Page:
(To the best of my knowledge.)
Waivers are one of baseball's etherial qualities, like the Winter Meetings, service time, Super 2's and Joe Morgan. It seems like no matter how close you get to understanding them, there's some detail that gets missed and, once you find that one detail, makes you go back to square one.
Or maybe that's just me.
At any rate, the Twins put a waiver claim on Oakland southpaw Alan Embree. Embree's been around the block a few times, and at 38 has both the advantage of experience and the disadvantage of being at or near the end of his career. For Minnesota, in spite of his sub-par season, that experience has a lot of value; particularly in those situations where the team really just needs someone to go out and throw, knowing they understand the situation, as opposed to warming up Brian Bass and hoping the hitters get theselves out.
Tim Dierkes speculates that the Athletics wanted more than salary relief for Embree, which is why they pulled him back, but La Velle says "...it's unknown as of right now if the Twins and A's talked." One thing we do know about waivers is that teams will put players out there, even if they have no interest of even listening to potentially interested clubs. One thing that seems to be debatable is whether a player can be traded once he's been placed onto waivers, and subsequently pulled off. Some say the player can't be traded, but Paul DePodesta insists they can. DePodesta, on his blog, says that once a player has been pulled off of waivers he can be placed on them again, but instead of being revocable waivers they become irrevocable waivers. Which basically means you don't put anyone back out a second time unless you decide you really do want them gone, and you don't care to whom or why.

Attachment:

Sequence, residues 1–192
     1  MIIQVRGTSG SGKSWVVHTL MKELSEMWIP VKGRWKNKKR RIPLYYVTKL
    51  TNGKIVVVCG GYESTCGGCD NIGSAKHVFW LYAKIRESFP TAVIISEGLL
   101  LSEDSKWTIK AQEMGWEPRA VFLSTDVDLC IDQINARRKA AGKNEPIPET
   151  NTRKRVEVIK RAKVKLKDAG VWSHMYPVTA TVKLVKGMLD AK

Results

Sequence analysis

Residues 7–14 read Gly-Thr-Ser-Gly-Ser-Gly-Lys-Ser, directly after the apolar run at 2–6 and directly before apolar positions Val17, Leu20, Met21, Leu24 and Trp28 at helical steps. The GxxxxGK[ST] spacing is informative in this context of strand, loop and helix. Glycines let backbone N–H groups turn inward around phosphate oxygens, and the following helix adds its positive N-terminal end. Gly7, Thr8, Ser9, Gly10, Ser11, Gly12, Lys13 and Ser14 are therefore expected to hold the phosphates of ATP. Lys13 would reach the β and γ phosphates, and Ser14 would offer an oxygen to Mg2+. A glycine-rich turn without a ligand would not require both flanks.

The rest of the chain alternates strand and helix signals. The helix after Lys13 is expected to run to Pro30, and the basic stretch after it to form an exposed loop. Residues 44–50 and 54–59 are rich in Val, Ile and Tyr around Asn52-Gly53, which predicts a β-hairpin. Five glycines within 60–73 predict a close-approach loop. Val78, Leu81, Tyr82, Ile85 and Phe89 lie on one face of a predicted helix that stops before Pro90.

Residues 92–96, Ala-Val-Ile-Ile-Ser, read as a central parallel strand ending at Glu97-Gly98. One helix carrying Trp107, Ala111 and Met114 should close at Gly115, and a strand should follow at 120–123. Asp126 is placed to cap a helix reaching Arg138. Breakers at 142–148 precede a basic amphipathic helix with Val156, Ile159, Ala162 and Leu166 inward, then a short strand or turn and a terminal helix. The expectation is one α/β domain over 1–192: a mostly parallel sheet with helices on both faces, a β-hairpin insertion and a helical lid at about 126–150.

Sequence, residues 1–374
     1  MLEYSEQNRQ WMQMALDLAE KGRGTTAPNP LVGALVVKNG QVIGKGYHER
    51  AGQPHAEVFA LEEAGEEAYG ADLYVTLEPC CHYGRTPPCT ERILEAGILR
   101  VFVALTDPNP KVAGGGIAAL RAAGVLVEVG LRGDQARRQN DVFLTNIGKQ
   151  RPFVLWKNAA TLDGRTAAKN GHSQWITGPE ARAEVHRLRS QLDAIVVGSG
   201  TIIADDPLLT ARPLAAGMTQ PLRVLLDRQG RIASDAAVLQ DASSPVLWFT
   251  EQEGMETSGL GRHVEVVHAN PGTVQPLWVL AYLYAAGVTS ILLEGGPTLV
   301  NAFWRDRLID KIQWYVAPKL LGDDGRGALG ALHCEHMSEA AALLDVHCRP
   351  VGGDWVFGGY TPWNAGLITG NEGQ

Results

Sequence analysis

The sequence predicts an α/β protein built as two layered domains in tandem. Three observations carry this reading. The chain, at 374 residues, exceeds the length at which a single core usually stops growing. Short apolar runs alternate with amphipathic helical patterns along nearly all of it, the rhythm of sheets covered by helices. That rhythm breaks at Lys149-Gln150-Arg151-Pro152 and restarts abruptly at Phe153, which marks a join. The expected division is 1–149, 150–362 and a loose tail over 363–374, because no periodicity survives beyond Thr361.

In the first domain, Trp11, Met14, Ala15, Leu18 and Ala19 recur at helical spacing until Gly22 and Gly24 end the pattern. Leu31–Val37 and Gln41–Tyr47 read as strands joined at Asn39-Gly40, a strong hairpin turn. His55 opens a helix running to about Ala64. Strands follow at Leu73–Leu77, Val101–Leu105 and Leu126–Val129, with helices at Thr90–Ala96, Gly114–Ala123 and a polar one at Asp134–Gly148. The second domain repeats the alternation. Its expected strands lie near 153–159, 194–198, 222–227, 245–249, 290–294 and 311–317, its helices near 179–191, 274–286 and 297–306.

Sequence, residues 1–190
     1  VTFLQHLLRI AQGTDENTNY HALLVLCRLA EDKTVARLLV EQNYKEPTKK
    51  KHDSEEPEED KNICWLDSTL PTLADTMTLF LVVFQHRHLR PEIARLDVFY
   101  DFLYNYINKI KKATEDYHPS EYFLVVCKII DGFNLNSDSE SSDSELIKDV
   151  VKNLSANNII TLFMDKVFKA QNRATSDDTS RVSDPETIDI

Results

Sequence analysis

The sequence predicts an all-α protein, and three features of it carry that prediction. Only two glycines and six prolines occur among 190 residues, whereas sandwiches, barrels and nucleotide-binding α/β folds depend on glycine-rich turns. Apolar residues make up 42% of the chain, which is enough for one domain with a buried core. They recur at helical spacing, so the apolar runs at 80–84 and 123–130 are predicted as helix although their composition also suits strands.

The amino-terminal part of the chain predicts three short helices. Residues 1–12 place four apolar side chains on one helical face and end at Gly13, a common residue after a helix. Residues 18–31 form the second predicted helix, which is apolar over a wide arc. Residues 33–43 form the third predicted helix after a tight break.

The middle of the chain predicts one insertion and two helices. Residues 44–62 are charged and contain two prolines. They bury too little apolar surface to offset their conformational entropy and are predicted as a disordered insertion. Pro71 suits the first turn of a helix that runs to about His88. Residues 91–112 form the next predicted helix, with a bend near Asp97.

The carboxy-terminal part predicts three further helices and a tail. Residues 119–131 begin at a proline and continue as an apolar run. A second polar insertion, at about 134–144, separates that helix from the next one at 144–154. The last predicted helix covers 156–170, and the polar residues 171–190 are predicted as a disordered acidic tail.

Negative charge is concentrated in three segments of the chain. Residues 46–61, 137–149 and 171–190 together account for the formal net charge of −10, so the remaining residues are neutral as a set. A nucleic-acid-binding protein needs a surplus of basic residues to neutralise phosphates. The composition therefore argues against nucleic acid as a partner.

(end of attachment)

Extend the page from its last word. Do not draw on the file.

So for now, it looks like the Embree situation wraps up in one of three ways. One: The A's had no interest in trading the left-hander and were merely gauging interest. Two: The A's were trying to get Embree to clear waivers so they could work out a trade, but not to the Twins. Three: Somewhere along the line the Twins and Oakland had conversations for Embree, but no middle ground could be reached.
Really, this is a pretty anticlimactic post regarding the failed waiver claim, because we're no closer to understanding 100% for sure what actually did happen. But at least we know what could have happened. And really, when it comes to personnel decisions most of the time, that's as close as we ever get.
|2008 - Alan Embree||1-4||51||0||0||0||0||4||43.1||46||26||26||6||19||37||5.40||1.50|